Choose a fresh face for GOP nomination
© St. Petersburg Times
published August 25, 2002
Robert Schenck is not the most dynamic and inspirational candidate we've seen. In fact, at times he seems almost languid as he travels the campaign trail that leads to the Republican Party's nomination to the District 4 Hernando County Commission seat.
But Schenck has two things going for him:
First, the 27-year-old special education teacher is such a political novice that he is virtually a loner. He will be beholden to no one if he makes it into office, a huge plus for voters who value independence in their elected officials.
Second, and perhaps most importantly, he is not one of his opponents, both of whom carry so much political baggage it's a wonder they made it this far without collapsing under the weight of their agendas and egos.
Those are two of several good reasons for Republicans to choose Schenck over his opponents, Robert Kanner and Paul Sullivan, in the Sept. 10 primary.
Schenck's platform is built on the premise that the commission needs to do a better job of connecting with residents. To correct that, he suggests setting up a Web site that allows residents to communicate directly with him about current issues, to review his voting record and to rate his performance. He also promises to host monthly town meetings in different parts of the county and to donate 15 percent of his commission salary to a local charity.
Schenck believes the commission spends too much money on outside consultants to do work that staff members could, or should, be able to accomplish. He opposes increasing the property tax rate and advocates a thorough review of county ordinances with an eye toward culling ones that are outdated and too difficult to enforce. Those initiatives should appeal to Republican voters who subscribe to the party's tenets of less government, less taxes and more individual freedom.
One of Schenck's top priorities is to create jobs. He has reasonable, albeit unoriginal, ideas to achieve that goal, including offering deferred tax payments to new businesses that move into the county, and to spread out the impact fees they must pay over a period of several years.
Finally, Schenck was raised and educated in Hernando County. That history, coupled with being a young man with a family, gives him a perspective that neither Kanner nor Sullivan, who average twice Schenck's age, can appreciate. He has solid communication skills, is thoughtful and sincere, does not make promises he can't keep and is not ashamed to admit he doesn't have all the answers.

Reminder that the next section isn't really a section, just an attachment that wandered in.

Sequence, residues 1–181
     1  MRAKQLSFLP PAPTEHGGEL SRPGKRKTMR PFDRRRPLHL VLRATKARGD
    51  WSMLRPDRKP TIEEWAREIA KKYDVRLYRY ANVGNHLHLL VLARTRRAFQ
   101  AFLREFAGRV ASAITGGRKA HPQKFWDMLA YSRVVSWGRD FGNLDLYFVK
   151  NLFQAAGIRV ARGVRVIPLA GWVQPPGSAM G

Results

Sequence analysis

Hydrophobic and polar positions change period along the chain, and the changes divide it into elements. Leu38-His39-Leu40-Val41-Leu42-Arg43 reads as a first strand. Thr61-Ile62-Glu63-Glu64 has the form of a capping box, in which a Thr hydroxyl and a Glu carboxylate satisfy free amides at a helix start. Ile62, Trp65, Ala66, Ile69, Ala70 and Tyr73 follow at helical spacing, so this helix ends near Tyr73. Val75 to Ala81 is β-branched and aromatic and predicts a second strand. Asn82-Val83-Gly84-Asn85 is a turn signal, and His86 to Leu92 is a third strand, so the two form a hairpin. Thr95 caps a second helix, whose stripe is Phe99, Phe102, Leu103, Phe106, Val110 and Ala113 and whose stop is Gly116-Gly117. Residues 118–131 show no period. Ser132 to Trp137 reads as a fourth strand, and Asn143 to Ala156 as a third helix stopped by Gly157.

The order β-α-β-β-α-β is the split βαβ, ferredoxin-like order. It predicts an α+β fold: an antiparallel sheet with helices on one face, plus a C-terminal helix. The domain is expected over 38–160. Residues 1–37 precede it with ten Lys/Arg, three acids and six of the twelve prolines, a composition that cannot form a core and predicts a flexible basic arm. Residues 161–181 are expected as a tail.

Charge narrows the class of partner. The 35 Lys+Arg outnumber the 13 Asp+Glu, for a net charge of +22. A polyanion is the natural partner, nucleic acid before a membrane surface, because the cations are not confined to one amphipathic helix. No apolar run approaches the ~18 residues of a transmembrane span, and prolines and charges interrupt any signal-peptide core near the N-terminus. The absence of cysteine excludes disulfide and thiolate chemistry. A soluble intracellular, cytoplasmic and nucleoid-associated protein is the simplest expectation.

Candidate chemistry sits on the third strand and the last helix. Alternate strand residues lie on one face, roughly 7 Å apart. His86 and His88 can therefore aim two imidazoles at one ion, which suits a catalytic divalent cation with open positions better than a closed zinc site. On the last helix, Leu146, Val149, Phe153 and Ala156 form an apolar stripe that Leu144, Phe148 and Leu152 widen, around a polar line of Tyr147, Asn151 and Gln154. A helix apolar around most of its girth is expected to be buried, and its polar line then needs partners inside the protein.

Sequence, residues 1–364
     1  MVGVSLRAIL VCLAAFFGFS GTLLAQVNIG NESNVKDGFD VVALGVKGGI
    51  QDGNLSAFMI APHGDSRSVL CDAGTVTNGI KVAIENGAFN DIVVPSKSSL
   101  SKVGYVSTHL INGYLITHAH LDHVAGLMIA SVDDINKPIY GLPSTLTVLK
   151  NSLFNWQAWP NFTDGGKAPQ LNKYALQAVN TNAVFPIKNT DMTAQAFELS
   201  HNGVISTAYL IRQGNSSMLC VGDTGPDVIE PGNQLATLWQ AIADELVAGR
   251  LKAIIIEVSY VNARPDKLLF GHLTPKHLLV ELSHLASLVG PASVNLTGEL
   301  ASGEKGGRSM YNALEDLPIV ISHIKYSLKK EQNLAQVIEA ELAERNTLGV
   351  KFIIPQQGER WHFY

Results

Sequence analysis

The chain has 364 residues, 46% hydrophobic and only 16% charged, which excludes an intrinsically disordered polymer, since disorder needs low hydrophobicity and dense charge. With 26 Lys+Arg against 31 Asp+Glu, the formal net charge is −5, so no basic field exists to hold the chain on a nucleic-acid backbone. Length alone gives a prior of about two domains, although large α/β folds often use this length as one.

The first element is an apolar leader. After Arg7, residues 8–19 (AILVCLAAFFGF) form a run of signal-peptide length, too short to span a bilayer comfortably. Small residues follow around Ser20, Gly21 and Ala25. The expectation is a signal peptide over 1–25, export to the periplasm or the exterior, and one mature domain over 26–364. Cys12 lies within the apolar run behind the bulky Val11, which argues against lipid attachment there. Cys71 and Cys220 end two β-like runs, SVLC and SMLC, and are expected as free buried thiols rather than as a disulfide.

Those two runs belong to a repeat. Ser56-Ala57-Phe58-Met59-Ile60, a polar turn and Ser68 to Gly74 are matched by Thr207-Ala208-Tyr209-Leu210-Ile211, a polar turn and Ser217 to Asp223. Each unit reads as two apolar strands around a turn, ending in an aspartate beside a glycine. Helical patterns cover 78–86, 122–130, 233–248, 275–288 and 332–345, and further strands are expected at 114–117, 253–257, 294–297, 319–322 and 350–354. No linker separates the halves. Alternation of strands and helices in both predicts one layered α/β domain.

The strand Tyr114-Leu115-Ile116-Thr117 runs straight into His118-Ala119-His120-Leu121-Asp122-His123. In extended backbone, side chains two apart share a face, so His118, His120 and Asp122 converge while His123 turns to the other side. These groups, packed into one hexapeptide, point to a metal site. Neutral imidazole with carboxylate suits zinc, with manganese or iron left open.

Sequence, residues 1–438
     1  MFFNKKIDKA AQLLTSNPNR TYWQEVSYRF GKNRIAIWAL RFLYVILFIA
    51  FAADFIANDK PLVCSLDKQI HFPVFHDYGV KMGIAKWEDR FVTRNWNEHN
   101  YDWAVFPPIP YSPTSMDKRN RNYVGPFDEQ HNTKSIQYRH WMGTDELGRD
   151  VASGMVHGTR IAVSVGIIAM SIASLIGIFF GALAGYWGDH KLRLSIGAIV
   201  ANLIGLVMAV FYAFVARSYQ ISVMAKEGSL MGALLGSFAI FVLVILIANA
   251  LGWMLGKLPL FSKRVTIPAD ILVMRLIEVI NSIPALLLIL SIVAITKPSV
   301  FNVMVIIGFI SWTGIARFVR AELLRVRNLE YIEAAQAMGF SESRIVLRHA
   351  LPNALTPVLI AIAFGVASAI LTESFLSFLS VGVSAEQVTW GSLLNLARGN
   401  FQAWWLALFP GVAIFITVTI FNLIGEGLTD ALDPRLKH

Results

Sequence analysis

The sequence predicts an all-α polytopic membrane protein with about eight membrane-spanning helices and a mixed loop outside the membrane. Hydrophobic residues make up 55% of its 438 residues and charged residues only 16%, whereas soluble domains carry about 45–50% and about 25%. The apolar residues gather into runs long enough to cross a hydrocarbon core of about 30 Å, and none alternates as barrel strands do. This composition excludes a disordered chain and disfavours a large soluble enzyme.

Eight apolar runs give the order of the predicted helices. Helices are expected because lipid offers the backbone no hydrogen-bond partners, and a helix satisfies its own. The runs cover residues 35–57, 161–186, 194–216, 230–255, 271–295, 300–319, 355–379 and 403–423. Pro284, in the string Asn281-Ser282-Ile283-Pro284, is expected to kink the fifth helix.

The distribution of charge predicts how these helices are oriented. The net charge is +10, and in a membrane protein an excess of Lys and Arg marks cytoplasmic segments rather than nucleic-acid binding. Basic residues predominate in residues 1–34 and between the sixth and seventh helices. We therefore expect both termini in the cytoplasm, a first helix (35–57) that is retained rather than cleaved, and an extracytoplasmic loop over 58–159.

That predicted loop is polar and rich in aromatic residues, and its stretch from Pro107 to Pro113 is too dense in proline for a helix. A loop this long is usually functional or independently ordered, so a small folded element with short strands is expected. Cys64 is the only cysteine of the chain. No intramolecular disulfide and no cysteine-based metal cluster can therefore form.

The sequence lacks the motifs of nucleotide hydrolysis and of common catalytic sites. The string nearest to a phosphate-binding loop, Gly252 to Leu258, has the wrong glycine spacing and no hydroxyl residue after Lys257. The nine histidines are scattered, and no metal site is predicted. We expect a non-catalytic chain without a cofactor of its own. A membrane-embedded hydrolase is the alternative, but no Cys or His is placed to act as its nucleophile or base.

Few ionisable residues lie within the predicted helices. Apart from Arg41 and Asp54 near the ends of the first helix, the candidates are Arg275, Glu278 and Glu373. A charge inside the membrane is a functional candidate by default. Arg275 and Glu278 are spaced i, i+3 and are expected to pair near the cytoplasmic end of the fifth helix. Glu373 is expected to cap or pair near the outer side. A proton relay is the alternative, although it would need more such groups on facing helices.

Schenck's opponents in this race, neither of which actually lives in District 4, are less cognizant of their shortcomings.
Sullivan was voted out of office in 2000 by 260 votes after enduring one of the most contentious commission races in years. He was opposed most vocally by the commercial fishing industry, which disagreed with his efforts to curb their activities in coastal residential areas.
However, Sullivan did not realize -- and still doesn't -- that the public's disapproval of him was not isolated west of U.S. 19, or in one special interest group. His defeat was partly based on performance and personality. It appears that, with the exception of being somewhat humbled by that loss, he has not changed his too-conservative approach to governing.
Specifically, Sullivan's views on how the county should manage and pay for growth fall short. When he was in office he lacked vision in budgeting and the political will to enforce land management regulations and other ordinances in opposition to popular opinion.
We also are very concerned that Sullivan's tenure with the county, as a commissioner and as a Utilities Department employee before that, has become a drawback. His familiarity with courthouse politics, people and policies have skewed his attitude and predisposed his judgments. On this point, Schenck's ability to look at problems -- old and new -- with fresh eyes holds more promise.
The third candidate in this race, Kanner, is a Spring Hill Fire Rescue District Commissioner who has had his eye on higher office for years. His record as an elected official has been a mixed bag. He deserves credit for holding the line on the tax rate and his dedication to the nonpaying fire district job. But he also has demonstrated tendencies toward micromanagement, pettiness and most recently, secrecy.
Kanner's behavior is not conducive to countywide office because he tries to be all things to all people. Whether that trait is inherent in his personality or a calculated component of it, it nonetheless creates the likelihood that his decisionmaking on the commission would be malleable and subject to shifting political winds.
It's becoming more common to hear people say they don't vote for candidates, they vote against their opponents. That thinking may apply in this race. Given the choice between a couple of political animals with spotty records and an untethered newcomer with potential, we believe Republicans might prefer the latter. We recommend Robert Schenck in the District 4 primary election.
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